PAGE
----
From here the lookout can see cars coming at a great distance in every direction. He can walk across the school yard to the left and can see the home he is watching from this spot.


The view down the long hill from where the lookout will stand in the story. You can get a sense of the climb. Also, if you look for the building frame going up in the upper right of this picture, you will see where I started my walk on this morning. You will see a close up of this building at near the end of this series.


The entry to the Loma de Las Americas Norte. The killer in the story will go back down the hill in the previous picture and then around the circle again, this time on the Norte side.

A bit of street art

This street art brings us across Periferico and to the area where the tamale vendor lives in Chapter two. This is only blocks from the posh homes of the Lomas but quite a different area. This area is home to taxi drivers, small business owners and people who get by, but generally don’t have the luxuries of their neighbors just across the way.

A bicycle that works as a pickup for many small business owners.

This is the type of three-wheeled bicycle the tamale vendor will ride in the story. The large pots are on a platform between the two front wheels.  The handle in front of the rider is what he uses to steer the cart. He just has simple coaster brakes if he needs to stop.  I see this young fellow several miles away each morning as I head to work near where he starts his daily route. I was surprised to see him here but glad to have an example of the bicycle to use.


Most busy roads in Morelia are divided and have lateral side roads that are used to access homes and local businesses. This is the road I imagine the tamale vendor starting down in the morning in Chapter two as he leaves with a pot full of tamales toward his restaurant. You might be able to make out the street art in the previous picture near where the young man is walking across the street on the left side of the photo. Don’t get too caught up in an imaginary story now – this is location scouting!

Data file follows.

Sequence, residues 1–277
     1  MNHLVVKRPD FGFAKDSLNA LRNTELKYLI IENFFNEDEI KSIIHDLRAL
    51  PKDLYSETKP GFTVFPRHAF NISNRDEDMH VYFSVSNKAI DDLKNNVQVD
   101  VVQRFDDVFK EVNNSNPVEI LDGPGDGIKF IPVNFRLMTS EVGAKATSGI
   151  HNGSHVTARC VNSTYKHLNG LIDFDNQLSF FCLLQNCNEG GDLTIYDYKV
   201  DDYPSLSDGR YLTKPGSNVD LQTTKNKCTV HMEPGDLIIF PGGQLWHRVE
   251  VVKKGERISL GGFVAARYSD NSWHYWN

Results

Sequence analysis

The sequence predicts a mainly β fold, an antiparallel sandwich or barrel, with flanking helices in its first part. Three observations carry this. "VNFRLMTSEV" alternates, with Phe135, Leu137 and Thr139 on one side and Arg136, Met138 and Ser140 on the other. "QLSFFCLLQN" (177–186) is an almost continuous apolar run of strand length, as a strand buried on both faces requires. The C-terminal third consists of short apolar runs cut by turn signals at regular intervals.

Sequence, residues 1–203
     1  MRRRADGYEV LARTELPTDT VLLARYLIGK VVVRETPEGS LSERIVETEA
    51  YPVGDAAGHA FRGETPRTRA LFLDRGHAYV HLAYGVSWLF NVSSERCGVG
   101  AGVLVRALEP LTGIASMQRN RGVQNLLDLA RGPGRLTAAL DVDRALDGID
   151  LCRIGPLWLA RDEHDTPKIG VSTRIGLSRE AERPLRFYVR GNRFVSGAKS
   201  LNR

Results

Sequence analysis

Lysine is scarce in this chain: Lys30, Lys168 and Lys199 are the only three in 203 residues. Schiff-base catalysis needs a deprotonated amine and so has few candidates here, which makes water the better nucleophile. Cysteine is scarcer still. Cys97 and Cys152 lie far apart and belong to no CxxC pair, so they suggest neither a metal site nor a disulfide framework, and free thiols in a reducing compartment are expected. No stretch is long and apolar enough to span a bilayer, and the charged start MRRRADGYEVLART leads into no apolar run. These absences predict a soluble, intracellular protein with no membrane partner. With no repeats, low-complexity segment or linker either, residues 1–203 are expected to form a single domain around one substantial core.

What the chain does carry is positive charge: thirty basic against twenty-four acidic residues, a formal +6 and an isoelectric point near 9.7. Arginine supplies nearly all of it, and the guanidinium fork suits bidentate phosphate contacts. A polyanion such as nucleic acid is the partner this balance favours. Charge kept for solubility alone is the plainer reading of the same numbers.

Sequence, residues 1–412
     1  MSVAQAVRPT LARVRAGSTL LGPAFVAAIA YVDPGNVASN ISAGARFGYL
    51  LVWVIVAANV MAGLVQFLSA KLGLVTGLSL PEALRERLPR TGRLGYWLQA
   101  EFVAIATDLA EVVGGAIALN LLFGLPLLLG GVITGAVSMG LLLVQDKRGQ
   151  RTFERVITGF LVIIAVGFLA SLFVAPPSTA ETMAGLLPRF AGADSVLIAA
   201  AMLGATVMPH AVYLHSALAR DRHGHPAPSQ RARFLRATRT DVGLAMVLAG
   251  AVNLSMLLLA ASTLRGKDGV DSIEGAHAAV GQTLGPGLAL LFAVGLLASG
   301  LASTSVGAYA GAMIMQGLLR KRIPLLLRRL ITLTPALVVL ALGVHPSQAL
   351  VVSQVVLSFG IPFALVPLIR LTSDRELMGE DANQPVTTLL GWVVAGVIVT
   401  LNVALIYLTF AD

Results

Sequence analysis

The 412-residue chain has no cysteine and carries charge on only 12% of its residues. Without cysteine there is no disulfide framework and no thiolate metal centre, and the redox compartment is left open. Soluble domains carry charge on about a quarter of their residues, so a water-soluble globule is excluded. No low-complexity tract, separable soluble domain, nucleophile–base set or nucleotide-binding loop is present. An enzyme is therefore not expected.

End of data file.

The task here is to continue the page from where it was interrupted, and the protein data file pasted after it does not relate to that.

Where the mural is in the previous picture, the tamale vendor will turn and head down this street toward Acueducto and the road along the isde of the prison. It is a long slow angle, not hard for him but with the weight of the tamale pot, a bit challenging to maintain control with only coaster brakes and limited maneuverability.


This is the front of the prison as the tamale vendor sees it as he starts to cross Acueducto in the story. This is a very complicated crossing with lateral streets on each side and a very busy intersection just a block away. In the mornings, this is quite busy although you wouldn’t know it at the moment this picture was taken.


This is where the tamale vendor dies in Chapter two. Where the motorcycle rider is waiting on the left, is where the street in the previous picture picture spills out onto Acueducto. The accident happens in the middle of the road in front of the Toyota dealership.


This is looking down the street that crosses Acueducto beside the prison. The light on the street in the middle of the picture is coming from the street where the driver of the SUV will go to avoid more oversight from the tower above. Of course, the guard is not looking at the street. He is looking at the prison yard below and inside the walls. That is the same motorcycle rider we saw waiting to cross Acueducto in the last picture.


Chapter three begins as my walk did, near this new building. it is the same one I pointed out in the long view from the top of the hill on the other end of the walk. Here the main character will start his walk toward the morning’s events.

So – that is a location walk and some insight into how this novel will open. I can’t tell you how interesting it was to see what I had imagined in my earliest draft take shape. There is still a lot to work on, but this gives me a grounding in the real locations and atmosphere of the setting. Stay with me. There is a lot more to come as the novel unfolds and I’ll keep updating as I work.